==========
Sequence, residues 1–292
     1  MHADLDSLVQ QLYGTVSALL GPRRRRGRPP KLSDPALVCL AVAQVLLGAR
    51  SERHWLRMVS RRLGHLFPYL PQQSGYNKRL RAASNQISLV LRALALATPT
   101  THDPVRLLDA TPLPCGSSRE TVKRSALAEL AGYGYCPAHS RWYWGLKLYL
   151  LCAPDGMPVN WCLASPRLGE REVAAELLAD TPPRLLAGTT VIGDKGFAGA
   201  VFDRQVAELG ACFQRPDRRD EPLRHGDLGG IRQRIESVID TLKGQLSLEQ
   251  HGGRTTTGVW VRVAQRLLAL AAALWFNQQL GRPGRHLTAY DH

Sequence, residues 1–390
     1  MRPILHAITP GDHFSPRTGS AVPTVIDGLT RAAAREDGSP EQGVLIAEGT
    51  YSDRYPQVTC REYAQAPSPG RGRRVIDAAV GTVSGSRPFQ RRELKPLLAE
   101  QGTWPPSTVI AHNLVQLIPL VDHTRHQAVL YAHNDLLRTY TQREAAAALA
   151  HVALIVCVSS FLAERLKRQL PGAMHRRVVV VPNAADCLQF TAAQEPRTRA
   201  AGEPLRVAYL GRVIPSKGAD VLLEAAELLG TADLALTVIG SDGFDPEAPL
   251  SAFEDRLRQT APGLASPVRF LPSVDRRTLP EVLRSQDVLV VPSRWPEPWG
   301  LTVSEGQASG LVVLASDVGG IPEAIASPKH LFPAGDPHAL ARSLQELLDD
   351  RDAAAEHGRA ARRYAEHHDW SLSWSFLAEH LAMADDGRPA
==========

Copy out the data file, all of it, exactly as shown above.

Sequence, residues 1–292
     1  MHADLDSLVQ QLYGTVSALL GPRRRRGRPP KLSDPALVCL AVAQVLLGAR
    51  SERHWLRMVS RRLGHLFPYL PQQSGYNKRL RAASNQISLV LRALALATPT
   101  THDPVRLLDA TPLPCGSSRE TVKRSALAEL AGYGYCPAHS RWYWGLKLYL
   151  LCAPDGMPVN WCLASPRLGE REVAAELLAD TPPRLLAGTT VIGDKGFAGA
   201  VFDRQVAELG ACFQRPDRRD EPLRHGDLGG IRQRIESVID TLKGQLSLEQ
   251  HGGRTTTGVW VRVAQRLLAL AAALWFNQQL GRPGRHLTAY DH

Sequence, residues 1–390
     1  MRPILHAITP GDHFSPRTGS AVPTVIDGLT RAAAREDGSP EQGVLIAEGT
    51  YSDRYPQVTC REYAQAPSPG RGRRVIDAAV GTVSGSRPFQ RRELKPLLAE
   101  QGTWPPSTVI AHNLVQLIPL VDHTRHQAVL YAHNDLLRTY TQREAAAALA
   151  HVALIVCVSS FLAERLKRQL PGAMHRRVVV VPNAADCLQF TAAQEPRTRA
   201  AGEPLRVAYL GRVIPSKGAD VLLEAAELLG TADLALTVIG SDGFDPEAPL
   251  SAFEDRLRQT APGLASPVRF LPSVDRRTLP EVLRSQDVLV VPSRWPEPWG
   301  LTVSEGQASG LVVLASDVGG IPEAIASPKH LFPAGDPHAL ARSLQELLDD
   351  RDAAAEHGRA ARRYAEHHDW SLSWSFLAEH LAMADDGRPA